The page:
Written by Rachael Brown. Photography Martha Simons (No Guts No Glory).
I first meet No Guts No Glory’s new owner Alex in the morning quiet of the shop, before its doors opened for the day. Located near the bottom of Fore Street’s steep slope, this indie store has become a cult favourite in Exeter and it can’t just be the street’s downwards gravitational pull that keeps people coming back. With a High Street full of chains, No Guts No Glory has become known in Exeter for its culture of directly supporting independent artists. True to brand, the first thing Alex shows me when I walk in are freshly stocked NGNG t-shirts, hand-printed by a friend of his.
Chatting amongst the art, pottery and the wall of plants, Alex’s route to owning the shop seems surprising. Originally from Reading, he has a background in business and first developed a curiosity in ethical practices whilst studying in Cornwall. He attributes it to a mixture of his course’s focus on sustainability and the region’s slower pace of life.
“Before I never really toyed with the idea of owning my own business,” he explains. “I worked in a really large investment bank last year as a data analyst, so it’s a big change, because I spent ten weeks there looking at excel spreadsheets five days a week. Don’t get me wrong, I’m still a geek at heart and there is still a degree of analysis in what I do here, but just not to the same level!”
Exeter’s Fore Street caught his eye and it eventually became the place where he managed to put the ideas he learned at university into motion. “I knew that Fore Street had a lot of shops which are focused on sustainability, then I found out that loads of the products here were based around being ethically sourced”. When graduate jobs dried up, he seized the opportunity to be more creative and through luck and the support of friends and family he managed to get the keys to NGNG.
“[Entering No Guts No Glory] felt right because it felt like I could come into this business and take it over without radically changing it, because it already fit my beliefs quite well.”
When I ask if he wants to take the shop in a new direction, Alex replies, “It’s almost a bit of a cop out answer because I don’t want to sound like I’m not being courageous! But because the shop was doing so well and has been doing so well for the last ten years, I’m not looking to implement any immediate change. Certainly the plants have all stayed the same. I think the key thing that I’ve changed is that the shop never used to sell music and now it does.”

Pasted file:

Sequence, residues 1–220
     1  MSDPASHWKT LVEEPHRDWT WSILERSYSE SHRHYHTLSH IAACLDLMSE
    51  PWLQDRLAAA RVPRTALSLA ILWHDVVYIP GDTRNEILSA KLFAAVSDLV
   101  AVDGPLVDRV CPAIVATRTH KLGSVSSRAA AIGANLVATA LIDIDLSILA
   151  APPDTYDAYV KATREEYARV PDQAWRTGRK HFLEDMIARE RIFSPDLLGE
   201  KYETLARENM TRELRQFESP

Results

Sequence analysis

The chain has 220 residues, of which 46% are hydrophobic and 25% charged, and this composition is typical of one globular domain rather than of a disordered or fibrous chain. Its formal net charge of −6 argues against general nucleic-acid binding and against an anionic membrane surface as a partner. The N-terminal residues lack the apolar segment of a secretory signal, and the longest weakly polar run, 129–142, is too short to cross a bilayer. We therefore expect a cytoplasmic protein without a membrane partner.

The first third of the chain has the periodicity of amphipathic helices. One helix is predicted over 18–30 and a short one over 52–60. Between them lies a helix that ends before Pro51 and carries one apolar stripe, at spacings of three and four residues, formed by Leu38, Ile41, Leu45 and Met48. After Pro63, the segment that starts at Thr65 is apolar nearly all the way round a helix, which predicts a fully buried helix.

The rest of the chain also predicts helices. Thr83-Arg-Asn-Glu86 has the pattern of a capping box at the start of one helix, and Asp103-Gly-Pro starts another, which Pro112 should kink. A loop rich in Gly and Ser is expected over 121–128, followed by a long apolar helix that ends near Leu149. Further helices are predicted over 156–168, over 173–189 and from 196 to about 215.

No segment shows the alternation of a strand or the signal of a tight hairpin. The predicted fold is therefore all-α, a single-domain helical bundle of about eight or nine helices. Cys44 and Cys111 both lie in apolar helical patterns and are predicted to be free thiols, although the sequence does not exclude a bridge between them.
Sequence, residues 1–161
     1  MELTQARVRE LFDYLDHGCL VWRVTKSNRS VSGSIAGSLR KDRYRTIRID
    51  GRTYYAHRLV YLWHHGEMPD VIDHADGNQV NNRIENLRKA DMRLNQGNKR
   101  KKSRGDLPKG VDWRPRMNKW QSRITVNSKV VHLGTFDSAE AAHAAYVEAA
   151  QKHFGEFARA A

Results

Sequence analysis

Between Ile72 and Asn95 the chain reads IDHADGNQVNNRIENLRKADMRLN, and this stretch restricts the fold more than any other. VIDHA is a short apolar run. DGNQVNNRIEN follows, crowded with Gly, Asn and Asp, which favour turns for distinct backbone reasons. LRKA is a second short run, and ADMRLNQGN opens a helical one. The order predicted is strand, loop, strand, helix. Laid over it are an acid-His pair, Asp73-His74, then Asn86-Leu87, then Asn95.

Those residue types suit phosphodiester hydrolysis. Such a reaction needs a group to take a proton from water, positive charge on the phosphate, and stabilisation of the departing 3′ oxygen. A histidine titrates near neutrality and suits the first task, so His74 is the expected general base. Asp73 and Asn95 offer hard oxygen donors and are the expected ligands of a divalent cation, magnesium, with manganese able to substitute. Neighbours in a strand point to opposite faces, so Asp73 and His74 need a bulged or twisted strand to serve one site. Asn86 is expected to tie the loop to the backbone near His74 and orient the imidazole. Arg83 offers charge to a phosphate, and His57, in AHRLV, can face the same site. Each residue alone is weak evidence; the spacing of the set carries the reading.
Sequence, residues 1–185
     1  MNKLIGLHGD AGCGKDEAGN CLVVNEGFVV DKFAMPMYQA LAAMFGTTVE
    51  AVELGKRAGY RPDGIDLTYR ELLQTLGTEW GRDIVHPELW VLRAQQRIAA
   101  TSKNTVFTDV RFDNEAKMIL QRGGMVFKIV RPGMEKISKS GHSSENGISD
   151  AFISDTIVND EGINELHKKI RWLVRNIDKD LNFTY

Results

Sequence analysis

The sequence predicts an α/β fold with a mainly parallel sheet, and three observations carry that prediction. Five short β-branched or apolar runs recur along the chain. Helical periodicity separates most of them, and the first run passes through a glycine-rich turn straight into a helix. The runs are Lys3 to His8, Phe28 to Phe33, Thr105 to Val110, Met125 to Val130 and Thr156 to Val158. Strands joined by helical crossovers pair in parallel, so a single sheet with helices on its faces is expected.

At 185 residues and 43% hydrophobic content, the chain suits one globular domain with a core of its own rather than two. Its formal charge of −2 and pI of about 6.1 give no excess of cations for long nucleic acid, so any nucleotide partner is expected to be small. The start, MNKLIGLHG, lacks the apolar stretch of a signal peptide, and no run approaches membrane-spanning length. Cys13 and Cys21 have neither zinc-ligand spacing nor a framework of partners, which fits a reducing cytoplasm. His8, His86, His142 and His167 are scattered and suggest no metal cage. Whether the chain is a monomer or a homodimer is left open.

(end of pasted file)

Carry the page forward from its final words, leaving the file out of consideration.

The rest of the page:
But records aren’t on the shelves just for a love of good tunes. Introducing vinyl to the store, for Alex, meant another step towards becoming more sustainable. “I brought second hand records in because I studied the circular economy and I’m trying to promote circular practices. I encourage people to come in, bring their records in and I’ll buy them off them. I’ll check them out, dust them off and resell them. They’re not really there for profit, they’re there because I like listening to music and it’s a good way to keep the records flowing through the shop”
When I ask about circular practices Alex lights up, “There’s a book called ‘Cradle to Cradle’. Basically, it explains that the only way we can be sustainable as a planet is if we do it at the point of product design”. He then goes on to describe how circular processes differ from the linear economy in which products have one end point, often landfill.
“One really popular example [of circular processes] is compostable plastic. So essentially you can make it out of corn kernels. And if you were to then recuperate that plastic, you can put it in the soil again and grow corn.” He apologises for being lecturey, “In theory it’s near impossible but the idea is that we get as close to it as we possibly can and try and minimise waste.”
At present, Alex is looking to get something called ‘cradle certification’ for No Guts No Glory. “There’s a very limited range of products which have that certification because it’s so difficult to achieve, but going forward I really wanna keep my eye out for it.” Encouraging people to re-use products in this way means that even plastic items can be bought sustainably as we give them a shot at an infinite life. Particularly as “they hold up really, really well.”
To add to his ethical practices, Alex sells records from independent or lesser known artists at half price. “Chances are you probably won’t have heard of them, you just pick one up and give it a go. But when you buy it you’re supporting someone that’s only had a couple thousand hits on Spotify” As the future of many musicians and independent businesses are thrust into the spotlight, ideas like these feel essential.
He remembers a particular moment which sums up the importance of this support. “A girl came in a couple of days ago and I got chatting to her. She asked whether we were interested in stocking any of her face masks”. Alex said yes and bought all of them. “Turns out that she had just lost her job and buying those face masks had given her some rent money for the week. She was over the moon about it. Buying from independent suppliers means you really get that sense that every penny you give to them goes directly to them.”
But what about the independent shops themselves? Courageous little hives, hidden in nooks, quietly throwing life rings out to local artists – how does Alex think they’ll fare at this uncertain time?
“For independent shops this is our life,” he explains. “I think we’ll persevere a lot more through this difficult time because we have no other option.” This determination makes Alex the perfect custodian to carry the flame lit by NGNG’s previous owners, as taking over the shop took, well, guts.